Understanding Your Combo Card: Travel and Work Benefits

Understanding Your Combo Card: Travel and Work Benefits

If you have applied for U.S. permanent residency (a Green card) through adjustment of status, you might have also requested a Combination Employment Authorization and Advance Parole Card, commonly known as the combo card. This article will help you understand the dual functionality of this card and your work and travel options while your permanent residency application is pending.

Meeting USCIS Business Requirements for U.S. Employers

Meeting USCIS Business Requirements for U.S. Employers

Understanding U.S. immigration law requirements, particularly about employment-based visas like the H-1B, and understanding what constitutes a “U.S. employer” according to the U.S. Citizenship and Immigration Services (USCIS) is crucial. For businesses seeking to employ foreign nationals under such visas, meeting these standards is the first step toward a successful petition. We explain the definition of a U.S. employer for immigration purposes here. 

VAWA Green Card Pathway for Immigrant Abuse Victims

VAWA Green Card Pathway for Immigrant Abuse Victims

The Violence Against Women Act (VAWA) offers a pathway for immigrants who are victims of abuse by certain U.S. citizens or lawful permanent residents to seek safety and stability in the form of a U.S. Green Card. Here’s an overview of the eligibility requirements and the application process for navigating this delicate situation.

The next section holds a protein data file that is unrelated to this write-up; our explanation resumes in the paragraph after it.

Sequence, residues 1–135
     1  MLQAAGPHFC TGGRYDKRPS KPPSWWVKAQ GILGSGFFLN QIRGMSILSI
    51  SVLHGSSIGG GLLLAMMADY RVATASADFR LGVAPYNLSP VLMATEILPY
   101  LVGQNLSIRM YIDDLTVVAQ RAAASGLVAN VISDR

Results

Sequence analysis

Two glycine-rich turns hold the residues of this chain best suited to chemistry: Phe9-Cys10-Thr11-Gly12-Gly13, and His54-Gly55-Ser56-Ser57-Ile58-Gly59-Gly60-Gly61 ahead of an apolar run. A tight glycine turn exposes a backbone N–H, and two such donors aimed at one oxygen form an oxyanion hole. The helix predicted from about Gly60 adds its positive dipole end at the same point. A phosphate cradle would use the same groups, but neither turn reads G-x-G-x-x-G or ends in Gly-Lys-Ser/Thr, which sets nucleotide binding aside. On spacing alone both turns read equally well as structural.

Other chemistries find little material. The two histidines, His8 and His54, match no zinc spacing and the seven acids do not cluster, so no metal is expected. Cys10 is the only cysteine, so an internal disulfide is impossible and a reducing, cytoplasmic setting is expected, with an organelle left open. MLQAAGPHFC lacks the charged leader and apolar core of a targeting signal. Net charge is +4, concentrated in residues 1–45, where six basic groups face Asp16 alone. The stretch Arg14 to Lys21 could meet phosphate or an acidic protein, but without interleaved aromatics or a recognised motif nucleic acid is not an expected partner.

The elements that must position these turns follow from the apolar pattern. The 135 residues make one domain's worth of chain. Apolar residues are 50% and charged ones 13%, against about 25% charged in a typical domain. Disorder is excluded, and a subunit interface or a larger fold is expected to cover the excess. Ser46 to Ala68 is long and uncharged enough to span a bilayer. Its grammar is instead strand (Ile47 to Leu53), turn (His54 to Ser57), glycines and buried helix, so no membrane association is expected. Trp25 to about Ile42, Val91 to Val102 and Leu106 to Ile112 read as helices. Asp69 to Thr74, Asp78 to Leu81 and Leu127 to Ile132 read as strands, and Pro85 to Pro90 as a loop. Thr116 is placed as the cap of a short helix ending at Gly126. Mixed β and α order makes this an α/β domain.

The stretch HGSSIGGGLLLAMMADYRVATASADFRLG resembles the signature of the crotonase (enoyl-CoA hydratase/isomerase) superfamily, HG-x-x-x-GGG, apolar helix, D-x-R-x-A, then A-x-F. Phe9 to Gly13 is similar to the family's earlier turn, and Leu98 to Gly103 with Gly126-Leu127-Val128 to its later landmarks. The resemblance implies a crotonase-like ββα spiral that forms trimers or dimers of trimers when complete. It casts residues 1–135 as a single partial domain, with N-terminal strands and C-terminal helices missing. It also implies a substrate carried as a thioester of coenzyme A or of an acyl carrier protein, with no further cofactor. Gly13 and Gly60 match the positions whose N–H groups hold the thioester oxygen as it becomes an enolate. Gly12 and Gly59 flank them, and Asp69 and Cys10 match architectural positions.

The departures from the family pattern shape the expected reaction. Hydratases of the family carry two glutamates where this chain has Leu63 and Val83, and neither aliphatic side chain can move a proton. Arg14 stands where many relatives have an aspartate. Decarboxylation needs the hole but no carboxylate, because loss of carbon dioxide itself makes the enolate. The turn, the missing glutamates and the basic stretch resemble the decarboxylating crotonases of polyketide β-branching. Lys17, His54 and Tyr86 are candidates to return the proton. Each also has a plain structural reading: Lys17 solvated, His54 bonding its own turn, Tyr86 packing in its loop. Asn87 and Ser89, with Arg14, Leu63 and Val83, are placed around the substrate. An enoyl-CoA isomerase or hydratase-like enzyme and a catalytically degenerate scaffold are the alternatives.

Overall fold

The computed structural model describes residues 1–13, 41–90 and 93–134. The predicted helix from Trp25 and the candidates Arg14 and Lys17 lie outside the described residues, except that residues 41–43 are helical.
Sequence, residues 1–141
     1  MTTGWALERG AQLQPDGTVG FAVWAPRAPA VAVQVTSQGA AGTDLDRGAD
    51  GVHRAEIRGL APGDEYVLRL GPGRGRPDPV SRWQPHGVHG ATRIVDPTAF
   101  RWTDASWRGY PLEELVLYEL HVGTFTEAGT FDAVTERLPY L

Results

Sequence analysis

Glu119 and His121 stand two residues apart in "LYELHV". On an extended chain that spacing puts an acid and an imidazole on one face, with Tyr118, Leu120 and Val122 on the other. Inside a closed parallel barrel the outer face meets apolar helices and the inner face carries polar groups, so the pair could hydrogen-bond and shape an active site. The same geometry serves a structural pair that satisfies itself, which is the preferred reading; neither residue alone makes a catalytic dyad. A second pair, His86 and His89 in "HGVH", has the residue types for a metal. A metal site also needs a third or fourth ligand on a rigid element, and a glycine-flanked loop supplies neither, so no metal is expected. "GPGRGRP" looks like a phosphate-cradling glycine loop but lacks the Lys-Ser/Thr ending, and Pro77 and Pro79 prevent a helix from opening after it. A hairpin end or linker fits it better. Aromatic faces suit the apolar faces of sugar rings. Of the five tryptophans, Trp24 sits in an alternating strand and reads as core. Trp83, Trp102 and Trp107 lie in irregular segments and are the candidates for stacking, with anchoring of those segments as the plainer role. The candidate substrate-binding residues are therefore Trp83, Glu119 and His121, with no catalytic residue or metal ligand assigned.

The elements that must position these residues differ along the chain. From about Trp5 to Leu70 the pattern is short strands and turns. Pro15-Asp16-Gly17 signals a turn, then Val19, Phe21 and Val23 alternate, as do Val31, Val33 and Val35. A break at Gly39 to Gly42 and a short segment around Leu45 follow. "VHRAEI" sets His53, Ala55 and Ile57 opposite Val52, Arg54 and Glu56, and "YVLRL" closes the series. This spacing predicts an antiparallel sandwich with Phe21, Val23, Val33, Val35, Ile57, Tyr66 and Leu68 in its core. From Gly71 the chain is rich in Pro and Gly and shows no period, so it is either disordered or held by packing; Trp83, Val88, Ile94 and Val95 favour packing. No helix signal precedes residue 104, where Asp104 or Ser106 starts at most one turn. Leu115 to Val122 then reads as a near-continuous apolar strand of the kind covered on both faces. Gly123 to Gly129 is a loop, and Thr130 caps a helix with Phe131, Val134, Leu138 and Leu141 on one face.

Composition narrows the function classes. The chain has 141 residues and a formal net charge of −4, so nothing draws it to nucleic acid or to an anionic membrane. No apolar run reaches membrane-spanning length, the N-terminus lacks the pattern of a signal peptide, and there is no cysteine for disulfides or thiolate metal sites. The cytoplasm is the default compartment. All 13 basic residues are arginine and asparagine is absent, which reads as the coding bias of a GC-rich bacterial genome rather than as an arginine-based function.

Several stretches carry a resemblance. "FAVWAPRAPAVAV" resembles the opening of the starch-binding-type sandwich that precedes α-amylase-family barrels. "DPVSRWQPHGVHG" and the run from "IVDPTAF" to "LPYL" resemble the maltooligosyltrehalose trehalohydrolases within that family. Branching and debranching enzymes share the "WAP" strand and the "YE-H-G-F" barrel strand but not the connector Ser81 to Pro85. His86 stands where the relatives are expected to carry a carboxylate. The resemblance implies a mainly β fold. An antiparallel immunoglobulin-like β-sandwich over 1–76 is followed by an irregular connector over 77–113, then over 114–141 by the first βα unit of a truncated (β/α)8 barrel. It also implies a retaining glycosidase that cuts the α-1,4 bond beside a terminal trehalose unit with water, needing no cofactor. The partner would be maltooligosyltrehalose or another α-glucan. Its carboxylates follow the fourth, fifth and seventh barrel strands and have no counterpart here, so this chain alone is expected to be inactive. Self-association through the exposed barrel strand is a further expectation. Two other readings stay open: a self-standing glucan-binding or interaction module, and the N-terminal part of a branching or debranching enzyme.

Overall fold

Public Benefits’ Impact on Nonimmigrant Visas

Public Benefits’ Impact on Nonimmigrant Visas

For nonimmigrant visa holders in the United States, understanding which public benefits you are eligible for—and how receiving these benefits might affect your visa status—is crucial. Nonimmigrant visa categories encompass various purposes, including tourism, business, study, and temporary work. The eligibility for public benefits among nonimmigrant visa holders is limited, reflecting the temporary nature of their stay in the U.S. This post explains the benefits nonimmigrant visa holders can and cannot receive and the impact on their visa status.

Immigrant Visa Steps: NVC Documentarily Qualified Status

Immigrant Visa Steps: NVC Documentarily Qualified Status

Becoming a U.S. immigrant is a process with various stages and documentation. Receiving a notice that your Immigrant Visa Case has become Documentarily Qualified marks a significant milestone in this journey. This blog post will help you understand what this status means, prepare for your embassy interview, and determine what steps you should follow next.

Understanding Immigrant Classes of Admission to the U.S.

Understanding Immigrant Classes of Admission to the U.S.

Becoming a Lawful Permanent Resident (LPR), or “green card” holder, marks the start of a new chapter of opportunities in the United States. This status allows individuals to live and work anywhere within the country and paves the way for them to apply for U.S. citizenship, given that they meet specific criteria. The journey to LPR status navigates through various classes of admission as outlined by the Immigration and Nationality Act (INA). This article examines these classes and avenues, such as family reunification, economic contributions, humanitarian grounds, and diversity visas, and examples of each class.

Understanding the NVC Document Collection Process

Understanding the NVC Document Collection Process

Are you ready to take the next step toward a U.S. visa?  The National Visa Center (NVC) contacts you by e-mail to indicate that it’s time to begin the document collection phase of the immigrant visa process. This stage involves submitting various forms, documents, and fees required for your visa appointment and interview scheduling. Understanding this process can be confusing; we break it down into simple steps here.